Sylesha Brewer accepting her 2018 RFK Urban Education Award
Sylesha Brewer joined LEARN Charter School-Campbell Campus, a public charter in Chicago, just last year, but the 5th grade math teacher has already made a big impact. In her first year at Campbell, Brewer and a fellow teacher collaborated to foster an environment across their two classrooms that calmed one of the most challenging classes to ever pass through the school. To do this, they worked to ensure consistency, to create opportunities for independence, and to keep students so engaged in learning that they were motivated to improve their behavior just so they could participate each day.
By December of that year, Brewer, along with two other teachers, dreamed up the idea of a student-run, healthy school store. Brewer says her students decided to open a healthy school store to combat the lack of healthy options not just in the school, but in the community. “When I started at LEARN Campbell, the social worker, Gigi Simmons, already developed a partnership with WE,” explains Brewer. “During the year, Simmons invited me to several different sessions led by WE and the movement to promote a real life problem-solving start. A LEARN teacher by the name of Marcel Rockett led a class discussion after noticing a majority of the students opting out of lunch and going to a vending machine for snacks. Rockett approached administration and coworkers about the idea of a student-operated store. During this process, I immediately jumped at the opportunity to help.”
To make it happen, they partnered with the WE Schools Program, and raised funds to push forward an idea that seemed unattainable to most of the staff and administration due to logistics and limited space in the building. Initially, the WE Healthy School Store opened out of a closet in a 5th grade classroom. Because of the success the first year, the store has now been given a large office to use as its official store space, and the whole project presents us with a brilliant example of real-world learning in action.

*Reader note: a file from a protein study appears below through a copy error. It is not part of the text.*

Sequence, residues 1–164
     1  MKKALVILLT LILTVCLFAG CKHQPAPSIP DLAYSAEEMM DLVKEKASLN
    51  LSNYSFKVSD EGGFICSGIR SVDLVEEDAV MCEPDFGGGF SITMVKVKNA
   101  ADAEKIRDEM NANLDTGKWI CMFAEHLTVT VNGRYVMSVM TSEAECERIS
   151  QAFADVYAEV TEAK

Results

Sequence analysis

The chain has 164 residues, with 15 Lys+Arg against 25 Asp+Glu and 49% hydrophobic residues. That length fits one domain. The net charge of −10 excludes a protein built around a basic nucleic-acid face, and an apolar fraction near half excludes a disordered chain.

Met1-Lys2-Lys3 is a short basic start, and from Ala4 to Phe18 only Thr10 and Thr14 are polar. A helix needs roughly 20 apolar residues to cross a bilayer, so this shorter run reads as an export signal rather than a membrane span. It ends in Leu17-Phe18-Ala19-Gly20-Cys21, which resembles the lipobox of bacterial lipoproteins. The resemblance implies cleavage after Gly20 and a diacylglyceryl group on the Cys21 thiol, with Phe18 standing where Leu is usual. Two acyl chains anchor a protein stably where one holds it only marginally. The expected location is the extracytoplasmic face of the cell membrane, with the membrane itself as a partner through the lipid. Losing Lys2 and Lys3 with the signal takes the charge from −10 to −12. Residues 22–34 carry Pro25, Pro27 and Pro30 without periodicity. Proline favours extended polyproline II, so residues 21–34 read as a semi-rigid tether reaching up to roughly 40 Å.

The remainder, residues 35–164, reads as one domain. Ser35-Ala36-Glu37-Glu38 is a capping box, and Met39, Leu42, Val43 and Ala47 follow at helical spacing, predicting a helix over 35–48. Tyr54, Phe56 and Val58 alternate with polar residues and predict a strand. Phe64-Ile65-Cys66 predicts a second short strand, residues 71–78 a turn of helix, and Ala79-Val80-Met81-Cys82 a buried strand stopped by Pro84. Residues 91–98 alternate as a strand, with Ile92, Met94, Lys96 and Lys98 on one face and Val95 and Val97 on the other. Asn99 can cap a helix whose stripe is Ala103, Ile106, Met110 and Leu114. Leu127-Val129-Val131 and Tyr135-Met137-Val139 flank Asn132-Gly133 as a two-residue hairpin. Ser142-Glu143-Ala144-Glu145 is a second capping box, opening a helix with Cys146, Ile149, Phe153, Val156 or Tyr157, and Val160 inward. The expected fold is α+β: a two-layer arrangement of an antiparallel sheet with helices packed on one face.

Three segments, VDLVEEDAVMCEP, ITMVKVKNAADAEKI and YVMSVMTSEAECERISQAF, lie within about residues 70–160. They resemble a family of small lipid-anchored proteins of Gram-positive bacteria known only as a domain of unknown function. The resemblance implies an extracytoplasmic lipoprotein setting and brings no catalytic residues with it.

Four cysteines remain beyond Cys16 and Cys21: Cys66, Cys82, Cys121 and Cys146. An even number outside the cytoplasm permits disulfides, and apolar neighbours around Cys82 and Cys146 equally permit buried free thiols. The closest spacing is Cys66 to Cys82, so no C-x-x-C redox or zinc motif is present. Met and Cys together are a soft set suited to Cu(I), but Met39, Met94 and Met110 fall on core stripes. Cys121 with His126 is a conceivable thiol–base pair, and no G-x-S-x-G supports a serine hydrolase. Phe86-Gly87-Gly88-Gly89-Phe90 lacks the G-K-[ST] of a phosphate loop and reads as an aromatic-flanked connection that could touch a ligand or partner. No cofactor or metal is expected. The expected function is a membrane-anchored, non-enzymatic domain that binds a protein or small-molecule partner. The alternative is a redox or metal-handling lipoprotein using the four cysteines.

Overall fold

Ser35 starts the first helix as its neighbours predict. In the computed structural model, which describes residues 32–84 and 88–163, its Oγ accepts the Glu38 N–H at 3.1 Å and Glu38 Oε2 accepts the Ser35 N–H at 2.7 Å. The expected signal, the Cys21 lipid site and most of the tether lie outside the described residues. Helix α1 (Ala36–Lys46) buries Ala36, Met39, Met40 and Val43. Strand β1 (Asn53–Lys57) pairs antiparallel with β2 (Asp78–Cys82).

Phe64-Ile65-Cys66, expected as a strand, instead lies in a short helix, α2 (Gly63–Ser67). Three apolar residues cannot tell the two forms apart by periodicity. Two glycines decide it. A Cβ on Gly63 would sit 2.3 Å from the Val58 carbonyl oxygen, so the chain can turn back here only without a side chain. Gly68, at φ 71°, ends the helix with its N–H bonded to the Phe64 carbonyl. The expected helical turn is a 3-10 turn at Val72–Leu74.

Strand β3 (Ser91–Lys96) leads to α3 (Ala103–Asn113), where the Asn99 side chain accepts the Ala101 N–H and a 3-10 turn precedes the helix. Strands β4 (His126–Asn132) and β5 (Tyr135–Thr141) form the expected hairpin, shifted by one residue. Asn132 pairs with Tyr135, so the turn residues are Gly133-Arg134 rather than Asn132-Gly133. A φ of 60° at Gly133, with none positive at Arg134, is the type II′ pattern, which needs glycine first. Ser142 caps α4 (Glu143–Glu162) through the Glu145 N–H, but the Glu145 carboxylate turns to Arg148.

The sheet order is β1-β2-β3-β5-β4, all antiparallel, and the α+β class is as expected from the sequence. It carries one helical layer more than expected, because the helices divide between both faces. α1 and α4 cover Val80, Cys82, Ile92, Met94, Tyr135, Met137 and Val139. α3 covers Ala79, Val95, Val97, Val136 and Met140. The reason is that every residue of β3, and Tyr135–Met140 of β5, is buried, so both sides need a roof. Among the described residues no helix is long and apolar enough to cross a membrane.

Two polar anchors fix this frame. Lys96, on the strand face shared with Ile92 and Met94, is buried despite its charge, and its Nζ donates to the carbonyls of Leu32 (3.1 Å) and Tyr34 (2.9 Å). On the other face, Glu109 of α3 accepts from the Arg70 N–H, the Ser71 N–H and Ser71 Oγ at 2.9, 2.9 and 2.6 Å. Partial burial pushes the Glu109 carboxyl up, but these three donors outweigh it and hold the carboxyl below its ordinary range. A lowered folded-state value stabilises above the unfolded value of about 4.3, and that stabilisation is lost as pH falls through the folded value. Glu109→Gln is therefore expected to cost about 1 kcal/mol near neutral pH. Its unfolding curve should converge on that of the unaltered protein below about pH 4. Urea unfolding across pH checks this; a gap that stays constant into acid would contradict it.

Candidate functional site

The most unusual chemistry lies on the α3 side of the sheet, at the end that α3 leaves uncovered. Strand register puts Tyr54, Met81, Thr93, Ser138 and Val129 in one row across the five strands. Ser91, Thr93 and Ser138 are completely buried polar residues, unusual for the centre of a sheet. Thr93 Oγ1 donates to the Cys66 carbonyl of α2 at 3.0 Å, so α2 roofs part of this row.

When asked what compelled her to pursue teaching, Brewer says “My high school teacher left a lasting impression on me that inspired me to pursue college and later on, the field of education.” Brewer discussed this in her RFK Award acceptance speech, when she explained “he pulled me aside and made me see my potential. He was sneaking me college level work and took me to visit Michigan State and something magical happened…I did all the things I needed to make college a reality for myself.”
The experience not only put Brewer on a path to her field, but gave her a personal mission: “My personal mission as a teacher is to create a safe space for my students to share, learn, create, and build on ideas in an engaging, realistic manner.” Again, in her speech, Brewer said “I want to be that type of [teacher] for my students and want them to feel that they can attain their dreams.”
That’s exactly what she’s done. In addition to educating 4th and 5th graders on issues in the community like the lack of opportunity to purchase healthy foods around the school, Brewer and her colleagues teach kids about nutrition, the importance of healthy eating, and how the store can influence a larger change. She also taught them how to participate in choosing what products are sold, and gives them hands-on experience working in positions from cashier to sales consultant.
“The opening of the WE LEARN Healthy Snack Store was one of the most astonishing moments of my career,” Brewer remarks. “It was that Monday morning that my students were able to celebrate the long journey that was sparked by a student in class. Just to be a part of something so life changing definitely makes me feel like I am in the right field.”
Now, students from all grades bring money each day to go to the WE Healthy School Store for lunch and breakfast in order to purchase healthy options. This means students are engaging in the real world right in school: budgeting, purchasing items, exchanging money, and counting change in an environment that makes students excited to learn.
Brewer knows real-world learning has a direct tie to student success, and mentions an example of a student who thrived through real-world learning. “There have been numerous occasions where I have looked at my students in amazement,” she says. “However, the biggest moment was when I was able to witness one of my students speak onstage at the Allstate Arena. She was able to talk about the lack of healthy food options in her community and the impact that she and her peers made over the last two years.” Brewer’s student took the stage in front of thousands of people to speak at the Annual WE Day, a celebration of young people committed to making a difference, all because of the opportunities Brewer and her fellow teachers provided.
The store has also created a domino effect as students and staff are seeing opportunities even beyond the store. Fellow teachers have begun initiating opportunities for students they didn’t think were possible prior to the success of the store.
A sense of purpose and positivity manifest themselves in Brewer’s work, and she thinks that ties into reimagining education through real-world experiences, too. “It is important for students to view themselves as their own heroes, fighting against the injustices and making change in the world,” she says.